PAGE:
Monday, December 7, 2009

Tournee Day 4: Velingara and Kounkane

December 3, 2009

Today was the day of the tournee that I was really looking forward to. Everyone has told me that Kolda is beautiful and the scenery is very different from the rest of the country. I had to wait the entire day to make it into the city of Kolda itself and it was twilight, but I would agree that it’s very beautiful.

The morning started out with bean sandwiches, an excellent way to start a day, and we went to Velingara to do a school project management formation. The formation was supposed to be about use of a future school computer lab. The room currently doesn’t have any electricity, the computers have not been purchased, and none of the teachers know how to use them. Interesting. Planning the install and potential pricing for adults and students outside of this school district was the purpose of the formation, but it quickly devolved into a shouting match among the various participants in the formation about who the computers were MORE for. The principal of the school seemed to want to charge outsiders a fee to use the lab while school was out or even after hours to create another revenue stream for the school. This idea sent other people off the deep end who thought that the computers should just be for the children of this particular school. Every single one of the approximately 20 people in the room had to say their piece in a very long winded manner. I was really bored and I felt badly for the volunteer since the meeting didn’t achieve its purpose.

The trip was salvage when we got to visit the preschoolers at the school. They were adorable.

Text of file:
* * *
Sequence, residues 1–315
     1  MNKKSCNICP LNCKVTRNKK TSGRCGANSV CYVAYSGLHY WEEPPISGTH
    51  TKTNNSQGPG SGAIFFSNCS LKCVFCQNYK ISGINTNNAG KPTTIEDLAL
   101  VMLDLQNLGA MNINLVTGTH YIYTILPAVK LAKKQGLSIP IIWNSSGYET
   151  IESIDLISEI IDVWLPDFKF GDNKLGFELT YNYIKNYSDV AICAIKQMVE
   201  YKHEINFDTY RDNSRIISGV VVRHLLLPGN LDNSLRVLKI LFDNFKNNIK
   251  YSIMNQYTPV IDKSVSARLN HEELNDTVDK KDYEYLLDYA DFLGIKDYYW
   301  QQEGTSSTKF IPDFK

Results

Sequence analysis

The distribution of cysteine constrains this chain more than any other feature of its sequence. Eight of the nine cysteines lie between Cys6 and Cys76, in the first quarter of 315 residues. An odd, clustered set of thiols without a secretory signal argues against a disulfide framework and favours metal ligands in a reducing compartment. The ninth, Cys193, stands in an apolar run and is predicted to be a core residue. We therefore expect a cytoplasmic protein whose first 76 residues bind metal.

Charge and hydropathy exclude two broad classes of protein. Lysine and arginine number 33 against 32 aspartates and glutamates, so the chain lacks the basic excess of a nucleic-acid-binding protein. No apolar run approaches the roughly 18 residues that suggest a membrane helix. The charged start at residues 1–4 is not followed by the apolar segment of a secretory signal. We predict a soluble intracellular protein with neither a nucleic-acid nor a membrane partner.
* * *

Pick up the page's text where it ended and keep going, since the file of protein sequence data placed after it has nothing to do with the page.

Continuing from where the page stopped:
This afternoon we made our way to Kounkane to do a leadership formation for a women’s group who dyes fabric and makes completes (traditional Senegalese top/ skirt outfits) to sell at the market. Just like the juice formation before it, this formation was interesting because it was a single groupment and all the women had the same goals. It was also interesting to watch Talla explain the responsibilities of the president, treasurer, and secretary and see the face of the president fall as she realized that she has actual responsibilities instead of just having a cool title. I think she got the point by the end that she needs to step it up.

The drive from Kounkane to Kolda was very different. The trees became much denser and there were a lot more palm trees. We also saw monkeys, which got me really excited! The goats and sheep of Thies are just common roadblocks these days, but monkeys in the middle of the road is a new experience all together. It was pretty cool.

Adama and Talla dropped me off at the Kolda regional house which is very nice and I collapsed on the couch. There were a couple of girls in the house and we hung out a little bit, but they were busy so I read and made dinner... When I say I made dinner, I mean I boiled water and put it into a bag. In the States I'm completely against meals in bags, or boxes, or anything that doesn't involve something fresh and me taking the time to cook it, but this is Peace Corps Africa. When my grandma and dad were in Denver visiting my brother they picked up some freeze dried camping food, which I have to admit I have been dreading eating. I brought out the bag of freeze dried beef teriyaki, and made an excuse about how I got it in a package, but don't usually like things like this, but thought I would try it. It was obvious that the other girls had had these meals and liked them.

I boiled some water and 9 minutes later presto! I had beef teriyaki. It pains me to say this, but my meal in a bag tasted like a little bit of heaven, which I shared with the other girls and then went to bed.

1 comment:

  1. Alyssa,

    Always remember, your dad is a terrific shopper, since he won't cook and couldn't send cereal.